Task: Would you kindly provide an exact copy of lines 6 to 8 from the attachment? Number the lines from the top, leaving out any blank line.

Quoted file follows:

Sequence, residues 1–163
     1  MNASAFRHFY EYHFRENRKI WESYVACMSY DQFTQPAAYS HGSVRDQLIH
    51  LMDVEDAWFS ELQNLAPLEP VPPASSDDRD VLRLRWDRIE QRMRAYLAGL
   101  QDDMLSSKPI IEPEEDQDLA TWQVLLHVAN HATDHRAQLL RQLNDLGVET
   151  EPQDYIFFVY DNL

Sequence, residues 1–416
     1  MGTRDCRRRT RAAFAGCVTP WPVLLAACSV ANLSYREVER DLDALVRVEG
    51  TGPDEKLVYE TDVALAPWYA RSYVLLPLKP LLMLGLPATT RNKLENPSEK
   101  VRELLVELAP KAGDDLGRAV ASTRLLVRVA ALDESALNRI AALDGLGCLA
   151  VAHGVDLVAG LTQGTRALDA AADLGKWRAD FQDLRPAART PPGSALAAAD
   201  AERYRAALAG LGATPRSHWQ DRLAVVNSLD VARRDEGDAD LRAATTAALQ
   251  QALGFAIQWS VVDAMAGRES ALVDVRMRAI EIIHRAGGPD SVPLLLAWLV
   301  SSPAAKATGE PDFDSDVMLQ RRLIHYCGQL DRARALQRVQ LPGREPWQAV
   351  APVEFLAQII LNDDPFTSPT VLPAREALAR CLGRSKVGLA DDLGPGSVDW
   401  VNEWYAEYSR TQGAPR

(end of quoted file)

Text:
Sequence, residues 1–416
     1  MGTRDCRRRT RAAFAGCVTP WPVLLAACSV ANLSYREVER DLDALVRVEG
    51  TGPDEKLVYE TDVALAPWYA RSYVLLPLKP LLMLGLPATT RNKLENPSEK